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China's president-in-waiting Xi Jinping returns to Iowa

Kevin E. Schmidt / Pool via AFP - Getty Images

Chinese Vice President Xi Jinping talks with local people in the home of Roger and Sarah Lande in Muscatine, Iowa.

MUSCATINE, Iowa – A young, blue-eyed Sarah Lande never thought the polite young man from China, Xi Jinping, sitting at her dining room table in 1985 would go on to become the next president of China. She simply thought of him as a gentle soul with genuine interest in her family’s Iowa roots, sharing a home-cooked meal of pork, beef and locally grown corn.

Wednesday afternoon 27 years later – he returned to the same three-story home on Muscatine’s 2nd Street and walked through the same door, but this time as China’s next president.

“Coming here is really like coming back to home,” Xi told a packed living room of familiar faces he met on his 1985 visit. “You can’t even imagine what a deep impression I had from my visit 27 years ago … because you were the first group of Americans that I came into contact with.”

“Everything was very new and fresh,” he added.

Xi’s visit is a rare glimpse at an ascending leader in China’s typically opaque and rigid Communist Party. No high-ranking official has had such direct and personal ties to the United States.

'Old friends'
Xi first visited Muscatine as a provincial official from Iowa’s sister state of Hebei almost three decades ago. Leading a delegation of four other local officials on an educational trip primarily focused on agriculture, Xi and his colleagues toured local farms and businesses as part of an exchange that began with Iowans going to Hebei in 1984. He met then- and current Iowa governor Terry Branstad and more than a dozen other Iowans in Muscatine he now calls his “old friends.”

The cover of the Muscatine Journal showing the young Xi Jinping on his visit to Iowa in 1985. The headline on the story says, "Chinese visitors receive warm welcome" and there is photo of the town mayor handing Xi the keys to the city.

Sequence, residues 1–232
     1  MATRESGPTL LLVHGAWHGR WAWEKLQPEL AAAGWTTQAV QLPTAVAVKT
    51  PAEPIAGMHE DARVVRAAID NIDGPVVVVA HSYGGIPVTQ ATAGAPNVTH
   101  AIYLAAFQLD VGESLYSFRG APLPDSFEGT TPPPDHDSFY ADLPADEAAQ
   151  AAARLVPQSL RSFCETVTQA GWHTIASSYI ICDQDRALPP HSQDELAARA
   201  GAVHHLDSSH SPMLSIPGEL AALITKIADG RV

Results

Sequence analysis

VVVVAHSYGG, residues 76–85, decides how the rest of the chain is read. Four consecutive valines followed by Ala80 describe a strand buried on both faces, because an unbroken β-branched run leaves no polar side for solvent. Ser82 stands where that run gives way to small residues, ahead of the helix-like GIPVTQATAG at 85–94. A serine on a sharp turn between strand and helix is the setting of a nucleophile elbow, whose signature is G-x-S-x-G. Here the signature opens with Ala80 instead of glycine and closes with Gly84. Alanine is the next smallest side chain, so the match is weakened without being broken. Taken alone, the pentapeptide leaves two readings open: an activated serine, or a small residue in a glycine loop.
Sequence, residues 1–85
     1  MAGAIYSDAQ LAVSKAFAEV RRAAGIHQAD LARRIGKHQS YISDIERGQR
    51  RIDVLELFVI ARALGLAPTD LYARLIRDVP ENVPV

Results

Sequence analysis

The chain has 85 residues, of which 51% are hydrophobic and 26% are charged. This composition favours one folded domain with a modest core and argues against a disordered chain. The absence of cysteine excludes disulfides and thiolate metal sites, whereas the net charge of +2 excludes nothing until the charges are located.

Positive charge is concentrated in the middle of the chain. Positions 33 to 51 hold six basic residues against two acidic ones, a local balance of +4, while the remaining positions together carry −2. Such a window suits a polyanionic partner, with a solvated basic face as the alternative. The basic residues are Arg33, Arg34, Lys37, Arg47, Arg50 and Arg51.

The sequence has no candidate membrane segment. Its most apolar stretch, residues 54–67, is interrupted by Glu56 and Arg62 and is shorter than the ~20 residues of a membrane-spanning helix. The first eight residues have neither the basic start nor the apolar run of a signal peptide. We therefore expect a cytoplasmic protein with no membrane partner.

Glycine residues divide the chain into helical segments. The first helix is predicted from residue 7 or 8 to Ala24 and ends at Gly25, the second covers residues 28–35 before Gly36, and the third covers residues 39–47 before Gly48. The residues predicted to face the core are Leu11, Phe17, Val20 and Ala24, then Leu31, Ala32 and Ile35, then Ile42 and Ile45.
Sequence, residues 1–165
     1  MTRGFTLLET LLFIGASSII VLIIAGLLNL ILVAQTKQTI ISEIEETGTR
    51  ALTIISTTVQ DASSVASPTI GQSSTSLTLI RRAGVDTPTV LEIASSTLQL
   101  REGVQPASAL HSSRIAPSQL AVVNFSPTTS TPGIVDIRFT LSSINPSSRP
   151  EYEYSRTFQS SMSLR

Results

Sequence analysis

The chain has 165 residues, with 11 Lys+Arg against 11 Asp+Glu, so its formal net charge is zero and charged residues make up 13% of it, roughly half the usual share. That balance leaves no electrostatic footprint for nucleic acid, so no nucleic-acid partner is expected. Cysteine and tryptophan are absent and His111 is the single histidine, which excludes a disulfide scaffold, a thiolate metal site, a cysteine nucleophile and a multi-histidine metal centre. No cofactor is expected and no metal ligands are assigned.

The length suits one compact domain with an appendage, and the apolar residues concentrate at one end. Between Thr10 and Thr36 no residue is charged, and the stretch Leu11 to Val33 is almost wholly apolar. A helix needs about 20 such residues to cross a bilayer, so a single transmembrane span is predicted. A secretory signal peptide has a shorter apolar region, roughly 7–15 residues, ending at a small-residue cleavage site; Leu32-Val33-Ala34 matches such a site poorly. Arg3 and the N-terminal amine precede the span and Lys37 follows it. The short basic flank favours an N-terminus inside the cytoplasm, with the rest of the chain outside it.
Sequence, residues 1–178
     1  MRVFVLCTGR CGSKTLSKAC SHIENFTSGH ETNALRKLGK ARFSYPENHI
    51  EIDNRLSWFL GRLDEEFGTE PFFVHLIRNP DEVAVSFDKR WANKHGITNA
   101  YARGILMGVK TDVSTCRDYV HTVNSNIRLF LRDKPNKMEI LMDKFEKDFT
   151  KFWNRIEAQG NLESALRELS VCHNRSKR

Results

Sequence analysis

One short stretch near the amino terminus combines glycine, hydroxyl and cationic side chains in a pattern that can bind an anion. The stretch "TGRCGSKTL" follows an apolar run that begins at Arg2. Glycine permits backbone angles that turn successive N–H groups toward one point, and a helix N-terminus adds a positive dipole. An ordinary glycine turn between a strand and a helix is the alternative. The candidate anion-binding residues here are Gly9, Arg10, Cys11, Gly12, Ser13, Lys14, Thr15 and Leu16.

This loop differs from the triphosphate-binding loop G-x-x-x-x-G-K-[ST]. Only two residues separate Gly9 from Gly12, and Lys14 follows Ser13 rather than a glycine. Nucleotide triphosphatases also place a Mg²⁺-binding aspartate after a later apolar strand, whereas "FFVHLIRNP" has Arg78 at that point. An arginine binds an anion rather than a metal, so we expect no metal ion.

Lande, who was one of the organizers of his trip, was constrained by a limited budget so she resorted to old-fashioned hospitality of home-stays and meals at home. Xi spent two nights with the Dvorchaks a few blocks away from the Landes. There, Xi slept in their son’s bedroom, decorated with Star Trek figurines and wall paper.

“I wish I had updated the room,” Eleanor Dvorchak, 72, recalled. “But he was so congenial, anything would have been fine.”

One thing was for certain, no one ever expected the quiet Xi to become China’s next leader.

“Sometimes we are just in awe, that he is going to be the next leader,” Lande told NBC News in an interview ahead of the reunion.

“Nobody knew,” Dvorchak added afterward. “At the time, I was impressed what a hard worker he was.”

Clearly, Muscatine also left an indelible impression on Xi. Upon invitation back to Iowa by Governor Branstad, he requested to reunite with each person he met in Muscatine.

Small-town charm
Muscatine is the perfect, if coincidental, background to counterbalance Xi’s highly-scripted meetings in Washington. Aesthetically frozen in the 1950s, the town oozes both old-fashioned small-town charm and the harsh reality of post-industrial American economy. Many storefronts and warehouses stand empty in a place that once called itself the "pearl button capital of the world." Meanwhile, China has opened and expanded exponentially since 1985, into a roaring economy.

Kevin E. Schmidt / The Quad City Times via AP

Six-year-old Lucy Lande waits for the arrival of Xi Jinping at the home of her grandparents, Roger and Sarah Lande.

But it was friendship, not jobs, that was the complete focus of today’s reunion. Fond memories about American movies and a tour of the Mississippi river took up most of the conversation.

When Lande recalled Xi seeing puppies play in a Muscatine backyard in 1985, Xi replied, “We love puppies. We have two puppies as pets now.”

However, Xi has not always been entirely friendly to foreigners. According to a diplomatic cable leaked by Wikileaks last year, the soon-to-be-president lashed out against countries who have criticized China's human rights and trade record.